RR:C19 Evidence Scale rating by reviewer:

  • Reliable. The main study claims are generally justified by its methods and data. The results and conclusions are likely to be similar to the hypothetical ideal study. There are some minor caveats or limitations, but they would/do not change the major claims of the study. The study provides sufficient strength of evidence on its own that its main claims should be considered actionable, with some room for future revision.

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Review:

The preprint by Geisen et al addresses the potentially altered immune response to SARS-CoV2 vaccination in patients under TNF inhibitor (TNFi ) therapy. Overall, the manuscript is well-written and sound.

That patients under TNFi therapy exhibit lower anti-S IgG levels than healthy controls or patients with other DMARDs six months after vaccination (after initially mounting comparable responses) was shown before by the same group (Geisen et al, RMD Open 2021). They also already demonstrated the declining neutralizing capacity of TNFi user blood sera after six months. The current paper further investigates the influence of TNFi treatment on the adaptive immune response after proper vaccination against SARS-CoV-2.

As the main statement, the current paper claims a reduced SARS-CoV-2 neutralizing capacity in TNFi-treated patients. This conclusion is supported by quantitative (faster decreasing neutralizing antibody [NA] titres) and qualitative (faster decreasing antibody activity) changes six months after vaccination, each in comparison to healthy controls and patients with chronic inflammatory diseases with other therapies. Importantly, this differences seem to be pronounced regarding the variant of concern (VOC) BA.2, leading to significantly lower BA.2 NA titres in TNFi users 14 days after vaccination. After six months, NA titres were not detectable in any of the groups. Interestingly, after a third vaccination, BA.2 NA titres were found in all groups (heathy, other DMARD users) except the patients under TNFi therapy. Furthermore, the authors demonstrated less specific plasma cell reactions and a potentially delayed T cell activation in these patients.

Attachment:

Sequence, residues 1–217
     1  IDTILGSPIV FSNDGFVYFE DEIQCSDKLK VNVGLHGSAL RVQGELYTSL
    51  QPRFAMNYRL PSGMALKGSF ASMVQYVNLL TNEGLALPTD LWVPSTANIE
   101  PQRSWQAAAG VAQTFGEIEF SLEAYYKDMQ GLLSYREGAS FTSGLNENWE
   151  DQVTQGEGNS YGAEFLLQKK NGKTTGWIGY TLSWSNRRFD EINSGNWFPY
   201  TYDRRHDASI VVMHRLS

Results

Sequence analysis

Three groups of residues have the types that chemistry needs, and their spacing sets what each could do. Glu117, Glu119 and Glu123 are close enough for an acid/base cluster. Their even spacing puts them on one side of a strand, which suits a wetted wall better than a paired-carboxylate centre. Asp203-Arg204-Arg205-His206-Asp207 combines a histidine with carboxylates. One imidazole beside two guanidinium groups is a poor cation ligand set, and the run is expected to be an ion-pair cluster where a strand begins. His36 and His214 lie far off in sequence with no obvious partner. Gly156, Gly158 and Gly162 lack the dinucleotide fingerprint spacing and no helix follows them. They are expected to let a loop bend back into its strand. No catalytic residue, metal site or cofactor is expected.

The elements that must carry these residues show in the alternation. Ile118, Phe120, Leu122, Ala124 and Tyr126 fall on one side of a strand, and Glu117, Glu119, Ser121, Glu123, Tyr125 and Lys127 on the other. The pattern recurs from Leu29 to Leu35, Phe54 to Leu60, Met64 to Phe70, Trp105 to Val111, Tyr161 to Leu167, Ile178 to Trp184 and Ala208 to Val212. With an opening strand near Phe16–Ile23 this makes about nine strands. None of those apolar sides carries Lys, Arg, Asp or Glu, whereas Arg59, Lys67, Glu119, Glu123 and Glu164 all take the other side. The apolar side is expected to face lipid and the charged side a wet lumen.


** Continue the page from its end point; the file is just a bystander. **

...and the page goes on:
The findings are very relevant and increase the understanding of SARS-CoV-2 immune response in the large group of people with inflammatory diseases receiving an anti-TNF therapy. Since these people are at an increased risk of severe COVID-19 disease, the proposed close monitoring of SARS-CoV-2 immunity is comprehensible and justified by the author’s findings. The main drawback of the study is the small sample size (n=10 patients with TNFi therapy) though. As the authors themselves already outlined in the RMD Open paper from 2021, the findings have to be validated in larger studies. Nevertheless, the discussed findings are of great interest and the claims are generally supported by the data and methods used.